Gold News

The Guild of Thrall: Warsh Fed Edition

Measured and authoritative. So there...
SO WHAT qualities might Donald Trump want in the next chair of the Federal Reserve? asks Adrian Ash at BullionVault.
"We'll do whatever we can do to prevent Kevin Warsh from taking on the role," says Jennifer Epps-Addison, president of the self-declared 'pro-worker, pro-immigrant' Center for Popular Democracy.
Sounds good. What else?
"Back during the crisis," says Dr.Karl Smith, director of economic research at the self-described 'libertarian' Niskanen Center think tank – advocates for more immigration and climate-change tax – "some of us used to say 'shut-up Warsh' to indicate that the previous speaker had just made a case so incoherent it wasn't worth addressing."
Better still. Anyone else got a view?
"Warsh...produced what seems to me the single most confused analysis of US monetary policy that I read this year," said his, umm, Trump-unfriendly friend Larry Summers in 2015, "backed by neither logic nor evidence."
"Warsh is indeed someone who has been wrong about everything," said, double-umm, Paul Krugman in 2013. "Warsh has been wrong about everything for the past decade," he adds today, "[with] no hint of being chastened by the failure of events to play out the way he expected."
Glowing testimony when you think who's making it. Warsh must be a shoo-in for Trump's nomination. And it can't hurt that he is apparently a friend already.
"His wife is the granddaughter of Estee Lauder," says CNBC, "and her father, Ronald Lauder, is a long-time close Trump friend. Warsh, a fellow at the Hoover Institution, was also a member of Trump's now-disbanded Strategic & Policy forum, a group made up mainly of CEOs who were working with the White House on economic and policy issues."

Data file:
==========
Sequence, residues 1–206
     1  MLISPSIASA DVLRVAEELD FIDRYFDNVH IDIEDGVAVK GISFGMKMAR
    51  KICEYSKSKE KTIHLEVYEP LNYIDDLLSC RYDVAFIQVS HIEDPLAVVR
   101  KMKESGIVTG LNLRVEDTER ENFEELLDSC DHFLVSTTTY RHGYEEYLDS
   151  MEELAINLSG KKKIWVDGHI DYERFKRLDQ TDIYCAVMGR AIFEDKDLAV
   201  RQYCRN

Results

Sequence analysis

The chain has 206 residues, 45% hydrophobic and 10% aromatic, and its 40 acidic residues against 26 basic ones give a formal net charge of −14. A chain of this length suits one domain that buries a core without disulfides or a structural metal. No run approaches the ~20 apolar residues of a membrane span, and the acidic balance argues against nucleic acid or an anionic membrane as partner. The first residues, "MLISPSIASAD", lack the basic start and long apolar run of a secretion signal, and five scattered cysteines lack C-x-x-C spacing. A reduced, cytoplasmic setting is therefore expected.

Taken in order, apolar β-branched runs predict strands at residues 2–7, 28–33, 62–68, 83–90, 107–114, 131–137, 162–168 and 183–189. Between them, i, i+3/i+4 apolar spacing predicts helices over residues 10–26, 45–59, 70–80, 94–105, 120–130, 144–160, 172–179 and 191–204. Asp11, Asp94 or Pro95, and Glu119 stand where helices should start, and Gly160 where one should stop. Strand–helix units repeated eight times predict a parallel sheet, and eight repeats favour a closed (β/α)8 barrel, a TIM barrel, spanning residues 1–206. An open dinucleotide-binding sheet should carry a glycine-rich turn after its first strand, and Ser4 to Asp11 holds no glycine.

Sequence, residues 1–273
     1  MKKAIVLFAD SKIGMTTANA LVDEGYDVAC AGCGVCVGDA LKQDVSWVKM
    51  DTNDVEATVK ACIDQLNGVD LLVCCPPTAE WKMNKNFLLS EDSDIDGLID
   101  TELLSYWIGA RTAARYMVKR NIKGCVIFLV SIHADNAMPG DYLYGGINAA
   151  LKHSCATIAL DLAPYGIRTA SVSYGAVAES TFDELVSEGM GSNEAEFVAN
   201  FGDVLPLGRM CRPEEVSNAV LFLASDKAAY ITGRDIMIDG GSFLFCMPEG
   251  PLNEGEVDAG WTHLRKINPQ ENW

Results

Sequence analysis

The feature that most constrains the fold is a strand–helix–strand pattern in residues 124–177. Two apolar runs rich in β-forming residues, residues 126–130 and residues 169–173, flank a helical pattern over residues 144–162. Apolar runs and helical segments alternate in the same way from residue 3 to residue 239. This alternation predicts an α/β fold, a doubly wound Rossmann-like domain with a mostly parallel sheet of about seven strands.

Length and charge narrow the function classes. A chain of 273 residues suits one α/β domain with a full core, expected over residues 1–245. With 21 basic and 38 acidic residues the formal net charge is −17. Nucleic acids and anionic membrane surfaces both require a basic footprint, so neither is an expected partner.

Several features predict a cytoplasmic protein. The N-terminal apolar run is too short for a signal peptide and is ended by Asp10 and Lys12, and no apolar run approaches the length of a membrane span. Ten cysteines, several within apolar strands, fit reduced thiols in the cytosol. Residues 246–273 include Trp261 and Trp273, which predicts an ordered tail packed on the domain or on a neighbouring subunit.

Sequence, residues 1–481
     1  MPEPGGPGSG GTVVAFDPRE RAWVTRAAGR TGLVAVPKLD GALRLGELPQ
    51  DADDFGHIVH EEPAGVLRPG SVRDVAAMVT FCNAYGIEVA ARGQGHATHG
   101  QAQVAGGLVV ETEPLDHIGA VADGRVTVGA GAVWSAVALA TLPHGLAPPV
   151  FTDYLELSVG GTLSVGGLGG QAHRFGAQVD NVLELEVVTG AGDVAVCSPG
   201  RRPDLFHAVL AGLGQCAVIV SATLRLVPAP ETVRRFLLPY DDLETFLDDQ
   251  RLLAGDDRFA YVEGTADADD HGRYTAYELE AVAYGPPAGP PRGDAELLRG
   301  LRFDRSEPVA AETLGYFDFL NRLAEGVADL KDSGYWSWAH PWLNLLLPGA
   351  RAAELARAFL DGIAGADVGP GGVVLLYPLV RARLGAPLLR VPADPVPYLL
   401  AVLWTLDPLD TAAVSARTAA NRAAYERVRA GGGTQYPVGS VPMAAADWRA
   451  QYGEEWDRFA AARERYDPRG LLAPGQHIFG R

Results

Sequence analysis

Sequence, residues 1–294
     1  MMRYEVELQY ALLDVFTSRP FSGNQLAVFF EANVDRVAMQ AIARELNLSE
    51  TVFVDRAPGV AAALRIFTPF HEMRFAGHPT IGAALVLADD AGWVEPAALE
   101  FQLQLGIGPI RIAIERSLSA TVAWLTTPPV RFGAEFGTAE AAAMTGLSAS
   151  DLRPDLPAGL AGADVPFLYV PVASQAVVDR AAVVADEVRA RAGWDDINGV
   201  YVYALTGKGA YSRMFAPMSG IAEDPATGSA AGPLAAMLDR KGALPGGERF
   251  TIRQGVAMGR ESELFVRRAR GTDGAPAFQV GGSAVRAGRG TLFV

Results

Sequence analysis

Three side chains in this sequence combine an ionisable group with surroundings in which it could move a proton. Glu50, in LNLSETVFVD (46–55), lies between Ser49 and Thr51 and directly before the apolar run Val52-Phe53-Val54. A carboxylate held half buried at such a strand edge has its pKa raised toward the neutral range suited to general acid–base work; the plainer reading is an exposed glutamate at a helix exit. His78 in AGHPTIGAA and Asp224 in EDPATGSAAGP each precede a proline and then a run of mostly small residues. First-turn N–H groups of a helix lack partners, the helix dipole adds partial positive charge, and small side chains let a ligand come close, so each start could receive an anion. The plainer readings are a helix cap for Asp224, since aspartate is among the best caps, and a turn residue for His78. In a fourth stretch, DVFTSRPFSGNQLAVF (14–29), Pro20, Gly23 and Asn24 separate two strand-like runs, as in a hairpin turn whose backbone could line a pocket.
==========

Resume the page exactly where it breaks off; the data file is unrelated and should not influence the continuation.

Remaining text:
And briefing straight back at ya, "A source close to that group says Warsh's comments during its meetings were measured and authoritative." Not incoherent, confused or wrong. Measured and authoritative. So there.
Seeing all these recommendations – from think-tanks, academics, swamp insiders and journalists – what does Warsh himself say? He started getting his defense in early... way back in 2006 in fact, when he became the youngest-ever Fed governor:
"PhD's in economics are important, but what is at least as important is an understanding of the capital markets. [I have] real-world experience in boardrooms with CEOs and CFOs."
The following decade of name-calling and cat-calls must have hurt. Because here's the non-academic non-economist ex-Fed governor in June 2016:
"[The] existing policy paradigm...reveals a deep and damaging affliction of too many policymakers and academics: the groupthink of our guild; an unwillingness to revisit a priori assumptions; an excess of affection for the latest trends in academia; and, a generalised lack of humility in spite of anachronistic models and massive forecasting errors."
Note the phrase 'our guild' from this outside-insider? Touché then got touchy: